From IWU Magazine, Summer 2013 edition
Wide Awake and Still Dreaming
Juan Salgado '91, the 2013 Commencement speaker,finds inspiration
in his family and his education as he leads efforts to help Latino immigrants.
"I'm doing what I dream to do," Salgado told graduating seniors and their families.
(Photo by Marc Featherly)
Story by KIM HILL & TIM OBERMILLER
Receiving an honorary doctorate and giving the keynote speech at this May's Commencement
were just the latest accolades for Juan Salgado. The 1991 Illinois Wesleyan graduate
has won commendations from Chicago's mayor and the President of the United States
for his leadership of the non-profit Instituto del Progreso Latino. But it was his
very first job as a paperboy that Salgado recalled early in his address to 474 graduating
seniors, their families and other members of the University community.
"As a grade-schooler, I delivered newspapers at the break of dawn," he told the audience.
"My mother and grandmother would come to wake me up — because kids like to sleep —
and my grandmother would say, 'Wake up,' and I'd say, 'I quit that job!' And she'd
say, 'Well, if you had quit the job then what are the papers doing on the porch ready
for you to roll them up and get them out? Get up, boy, and get to work!'
"My mother would say, 'People are counting on you. Our family name is at stake.' They
invoked the family name, so reluctantly I woke up. Sometimes reluctantly we wake up.
It's okay, as long as we wake up."
Just as his family motivated him to succeed, Salgado tries to give similar inspiration
to thousands of Latino immigrants annually who use Instituto services to learn English,
find employment, accustom their children to the U.S. educational systems and adjust
to life in Chicago in myriad ways.
In his remarks to the Class of 2013, Salgado recalled his desire at a young age to
help working class communities, but that he had far more questions about such work
— and about himself — when he arrived as a first-year student at Illinois Wesleyan
in the late 1980s.
By the time Salgado graduated from high school, he'd seen suburban flight transform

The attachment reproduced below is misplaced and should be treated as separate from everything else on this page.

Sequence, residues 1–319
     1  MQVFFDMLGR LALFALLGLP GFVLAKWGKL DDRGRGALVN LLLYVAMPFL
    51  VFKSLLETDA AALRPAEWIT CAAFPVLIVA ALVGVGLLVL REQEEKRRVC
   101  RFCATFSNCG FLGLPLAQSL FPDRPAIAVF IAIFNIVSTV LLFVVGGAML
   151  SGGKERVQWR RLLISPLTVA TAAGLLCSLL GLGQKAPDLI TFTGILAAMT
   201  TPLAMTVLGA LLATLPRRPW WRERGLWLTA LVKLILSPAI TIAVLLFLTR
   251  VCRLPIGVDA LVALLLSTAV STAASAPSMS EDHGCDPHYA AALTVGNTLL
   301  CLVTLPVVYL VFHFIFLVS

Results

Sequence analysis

the once largely white, solidly working-class neighborhood of Calumet Park in south
suburban Chicago. In Salgado's youth, Calumet Park included pockets of long-standing
Latino families. "My grandfather moved there from Mexico in 1918, and we grew up a
block away from where my grandfather settled," he recalled in a 2011 interview. "But
by the time I graduated from high school, there were very few white families left."
Salgado watched as his neighborhood's opportunities faded, and resources were channeled
to other communities.
In his Commencement address, Salgado related that he had questions about race and
identity when he arrived at Illinois Wesleyan.
Under Salgado's leadership, the Instituto Health Sciences Career Academy prepares
high school students for college success.
"How come my white friends left when my black friends moved in?" asked Salgado, referring
to his youth in Calumet Park. "Why am I an acceptable Mexican when so many others
are not referred to in kind names, but actually in derogatory terms ... Maybe it's
the fact that I went by John and not Juan. ...?"
Yet his family's long history in the U.S. and Salgado's heritage as a second-generation
Chicagoan did not translate to full assimilation. In his Commencement address, Salgado
said he had identity questions. "In America I was a Mexican and in Mexico they said
I was an American. And I wondered, was it possible to be both an immensely proud and
dedicated citizen in America and equally proud and equally hopeful and equally loving
to the place where your parents came from?"
Salgado said he first found the tools to answer those questions at Illinois Wesleyan
— "its people and environment, its promise to its students and society that unleashed
my capacity ... for understanding and debate, for accepting that different paradigms
do exist and challenging my own."
Wesleyan's "intimacy" also challenged Salgado. "When you are in a class of 17 students
and the faculty member asks your line of reasoning, you really have no choice but
to give it. When there are less than 2,000 students on campus, you have to be thoughtful